Genomic target selection enables faster development of clinical sequencing tests for disease diagnosis, stratification, and informed therapy selection by allowing smaller, specific regions of the genome to be sequenced and analyzed at high depth in a cost-effective manner. Faster, targeted sequencing could also accelerate development of effective therapies for various diseases.
Currently available commercial target capture reagents use biotinylated, array-synthesized oligonucleotides to generate DNA or RNA probes, often referred to as “baits”. However, baits that are generated by these methods often present performance challenges, such as failure to capture regions of high GC content.
High target coverage from individually synthesized, biotinylated oligonucleotides
Foundation Medicine, Inc. has developed a cancer diagnostic genomic test for solid tumors that provides a fully informative profile to help physicians make personalized therapy decisions for patients with cancer. This assay, run in the company’s CLIA-certified laboratory, has been optimized for FFPE samples and small specimens such as core needle biopsies. Using next generation sequencing (NGS) methods, they sequence tumor samples for the entire coding sequence of 182 cancer-related genes plus 37 introns from 14 genes frequently rearranged in cancer. To ensure sensitivity and specificity >99% for mutations with a minor allele frequency of ≥5%, they require sequencing at 500–1000X coverage, which is achieved by enriching for the ~1 Mb target of interest.
Foundation Medicine’s current commercially available assay uses RNA baits for enrichment; however, the company plans to use DNA baits and an expanded assay for a forthcoming product enhancement. We spoke to Mirna Jarosz and Phil Stephens about the pioneering work being performed at Foundation Medicine, which is translating cutting edge research to the clinic.
“We are in a sweet spot between large-scale whole genome sequencing and extremely targeted ‘hotspot’ sequencing, and this is where the IDT Ultramer Oligonucleotides are particularly useful to us.”—Dr Mirna Jarosz
In a poster presented at the Advances in Genome Biology and Technology (AGBT) 2012 annual meeting, Foundation Medicine researchers analyzed a target region within the human genome of ~130 kb, representing 57 clinically-relevant, potentially actionable cancer-related genes. Using 2 μg from an amplified sequencing library, in-solution hybrid selection was performed with 1000 individually synthesized 120 nt 5′-biotinylated IDT Ultramer Oligonucleotides spanning the targeted region.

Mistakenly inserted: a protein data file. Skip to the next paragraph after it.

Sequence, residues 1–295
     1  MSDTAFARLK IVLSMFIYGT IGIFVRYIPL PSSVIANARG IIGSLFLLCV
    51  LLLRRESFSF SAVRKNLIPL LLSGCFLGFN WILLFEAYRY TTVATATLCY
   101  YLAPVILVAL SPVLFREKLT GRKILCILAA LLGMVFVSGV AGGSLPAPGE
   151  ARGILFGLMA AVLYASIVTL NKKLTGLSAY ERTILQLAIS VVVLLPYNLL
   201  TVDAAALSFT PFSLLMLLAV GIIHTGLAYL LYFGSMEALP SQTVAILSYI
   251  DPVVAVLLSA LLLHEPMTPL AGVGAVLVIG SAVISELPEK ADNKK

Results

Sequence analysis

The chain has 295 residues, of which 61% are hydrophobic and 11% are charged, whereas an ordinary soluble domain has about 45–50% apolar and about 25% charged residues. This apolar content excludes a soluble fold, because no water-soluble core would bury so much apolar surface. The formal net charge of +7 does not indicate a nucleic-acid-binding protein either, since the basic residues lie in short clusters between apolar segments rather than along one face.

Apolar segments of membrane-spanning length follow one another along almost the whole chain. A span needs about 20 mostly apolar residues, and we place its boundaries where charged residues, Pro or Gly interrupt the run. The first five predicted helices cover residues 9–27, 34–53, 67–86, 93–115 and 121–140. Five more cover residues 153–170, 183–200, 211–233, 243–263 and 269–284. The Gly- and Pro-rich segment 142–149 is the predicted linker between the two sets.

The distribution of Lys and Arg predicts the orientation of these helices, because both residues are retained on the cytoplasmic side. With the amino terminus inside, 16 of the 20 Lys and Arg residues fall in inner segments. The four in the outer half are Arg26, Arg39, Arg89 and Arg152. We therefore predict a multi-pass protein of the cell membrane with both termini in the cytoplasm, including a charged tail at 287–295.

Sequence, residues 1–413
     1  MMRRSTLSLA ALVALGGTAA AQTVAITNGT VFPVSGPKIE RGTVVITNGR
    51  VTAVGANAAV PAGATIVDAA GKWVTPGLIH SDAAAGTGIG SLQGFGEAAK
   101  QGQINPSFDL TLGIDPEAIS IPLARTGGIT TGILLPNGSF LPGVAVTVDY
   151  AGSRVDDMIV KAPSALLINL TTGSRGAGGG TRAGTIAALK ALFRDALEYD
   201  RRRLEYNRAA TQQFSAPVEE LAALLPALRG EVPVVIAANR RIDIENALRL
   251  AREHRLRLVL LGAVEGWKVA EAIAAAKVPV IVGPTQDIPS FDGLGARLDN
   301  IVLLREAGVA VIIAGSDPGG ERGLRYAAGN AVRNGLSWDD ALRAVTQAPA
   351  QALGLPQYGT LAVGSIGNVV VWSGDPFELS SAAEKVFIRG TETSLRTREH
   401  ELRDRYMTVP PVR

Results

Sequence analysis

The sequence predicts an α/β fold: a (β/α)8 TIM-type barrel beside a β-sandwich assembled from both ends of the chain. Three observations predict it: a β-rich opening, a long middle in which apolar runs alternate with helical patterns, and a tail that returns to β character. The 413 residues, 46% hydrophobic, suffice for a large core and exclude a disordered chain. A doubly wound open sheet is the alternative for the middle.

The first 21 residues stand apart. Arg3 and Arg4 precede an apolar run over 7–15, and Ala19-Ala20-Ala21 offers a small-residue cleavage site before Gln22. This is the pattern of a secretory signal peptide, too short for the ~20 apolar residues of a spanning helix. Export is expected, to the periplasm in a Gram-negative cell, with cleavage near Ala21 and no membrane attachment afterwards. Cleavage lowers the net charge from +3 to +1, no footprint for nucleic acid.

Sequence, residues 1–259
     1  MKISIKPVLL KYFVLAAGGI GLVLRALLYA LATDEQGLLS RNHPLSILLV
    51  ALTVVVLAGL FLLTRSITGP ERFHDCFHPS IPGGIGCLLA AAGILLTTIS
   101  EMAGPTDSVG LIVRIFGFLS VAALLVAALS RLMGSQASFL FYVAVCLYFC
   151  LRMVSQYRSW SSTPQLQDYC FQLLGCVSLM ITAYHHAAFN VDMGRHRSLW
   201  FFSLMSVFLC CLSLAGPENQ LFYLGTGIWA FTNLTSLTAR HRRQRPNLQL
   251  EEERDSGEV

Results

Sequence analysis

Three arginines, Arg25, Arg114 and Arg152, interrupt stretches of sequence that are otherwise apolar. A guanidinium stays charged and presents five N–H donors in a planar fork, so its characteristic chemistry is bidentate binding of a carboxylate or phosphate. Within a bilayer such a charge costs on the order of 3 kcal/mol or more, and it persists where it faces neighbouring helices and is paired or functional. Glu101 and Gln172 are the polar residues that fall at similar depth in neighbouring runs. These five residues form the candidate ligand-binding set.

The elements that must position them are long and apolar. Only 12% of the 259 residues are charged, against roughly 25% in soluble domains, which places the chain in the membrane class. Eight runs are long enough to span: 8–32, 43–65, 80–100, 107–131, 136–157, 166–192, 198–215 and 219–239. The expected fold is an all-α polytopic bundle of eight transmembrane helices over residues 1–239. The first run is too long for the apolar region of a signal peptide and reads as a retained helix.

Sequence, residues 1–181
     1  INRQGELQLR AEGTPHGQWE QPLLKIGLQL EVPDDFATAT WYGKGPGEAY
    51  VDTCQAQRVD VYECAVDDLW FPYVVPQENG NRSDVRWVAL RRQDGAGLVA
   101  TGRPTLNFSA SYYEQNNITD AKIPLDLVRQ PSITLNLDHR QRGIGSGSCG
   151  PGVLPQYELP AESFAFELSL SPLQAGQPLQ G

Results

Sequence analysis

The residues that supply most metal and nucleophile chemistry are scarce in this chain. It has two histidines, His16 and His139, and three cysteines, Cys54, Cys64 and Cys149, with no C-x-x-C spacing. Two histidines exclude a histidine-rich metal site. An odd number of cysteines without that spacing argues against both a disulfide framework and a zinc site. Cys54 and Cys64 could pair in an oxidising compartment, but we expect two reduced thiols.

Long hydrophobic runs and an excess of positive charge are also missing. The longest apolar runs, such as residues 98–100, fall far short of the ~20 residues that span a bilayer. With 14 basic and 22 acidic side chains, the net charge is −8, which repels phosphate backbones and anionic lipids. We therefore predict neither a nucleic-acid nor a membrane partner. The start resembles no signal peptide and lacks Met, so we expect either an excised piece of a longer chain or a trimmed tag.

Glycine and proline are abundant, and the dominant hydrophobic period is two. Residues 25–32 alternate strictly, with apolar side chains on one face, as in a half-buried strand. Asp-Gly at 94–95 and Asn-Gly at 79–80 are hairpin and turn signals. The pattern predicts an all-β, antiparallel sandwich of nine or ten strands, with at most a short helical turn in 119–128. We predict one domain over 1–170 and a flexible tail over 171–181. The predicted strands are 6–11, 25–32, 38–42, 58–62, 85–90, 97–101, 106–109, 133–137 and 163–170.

Hybridizations were performed for 24 hr and enriched libraries were sequenced on a HiSeq 2000 system (Illumina) using 49 x 49 paired-end reads. Approximately 5000-fold enrichment was achieved for this ~130 kb region using individually synthesized Ultramer Oligonucleotide capture probes. The researchers also observed high coverage over the entire targeted region (Figure 1), with minimal GC bias. Using proprietary hybridization techniques and Ultramer Oligonucleotides, the researchers can reduce hybridization time to as little as 2.5 hr, instead of the standard 24–72 hr, without sacrificing depth or uniformity of coverage (Figure 2).
Improved coverage of array synthesized “baits”
Individually synthesized 5′-biotinylated Ultramer Oligonucleotides were also spiked into commercial, array-synthesized RNA baits to improve coverage of areas with high GC content. Either 1000 Ultramer Oligonucleotide baits targeting a ~133 kb region, or 3 Ultramer Oligonucleotide baits targeting a single exon, were mixed with 1.1 MB RNA baits and hybridized using protocols developed by Foundation Medicine, followed by target capture using streptavidin. Enriched targets were sequenced to high coverage on a HiSeq® 2000 sequencing system (Illumina) using 49 x 49 paired-end reads.
Adding the 1000 Ultramer Oligonucleotide set to array-derived RNA baits enhanced the coverage of many GC-rich targets, such as first exons (Figure 3A), and supplementing RNA baits with 3 Ultramer Oligonucleotides targeting a single GC-rich exon improved coverage of that exon (Figure 3B).
Individually synthesized oligonucleotides are a superior alternative to array-derived “baits” for genome target capture
The scientists at Foundation Medicine have successfully used individually synthesized 5’-biotinylated Ultramer Oligonucleotide capture probes to overcome some limitations of array-synthesized oligonucleotides. They have also demonstrated that when used alone Ultramer oligonucleotides provide a more uniform coverage than the more widely used, arrayderived RNA baits, with reduced GC bias. Additionally, they find individually synthesized baits are much more cost-effective on a per-reaction basis. The researchers are particularly excited to have been able to reduce hybridization times while maintaining high-target coverage, and intend to continue evolving their technologies with advances in NGS.
Personalized medicine in the clinic
Foundation Medicine’s first clinical product—a fully informative genomic profile for solid tumors—is run from the company’s CLIA-certified lab in Cambridge, MA. This assay complements traditional cancer treatment decision tools and can expand options by matching each patient with targeted therapies that are relevant to the molecular changes in their tumor. This genomic assay identifies all classes of genomic alterations, including substitutions, copy number alterations, insertions, deletions, and select rearrangements, in hundreds of cancer-related genes. Foundation Medicine’s test is the first commercially available targeted sequencing assay that uses NGS in routine cancer specimens such as FFPE and core needle biopsies. The company’s goal is to make this type of analysis available for all patients, helping to achieve the realization of personalized therapy for cancer.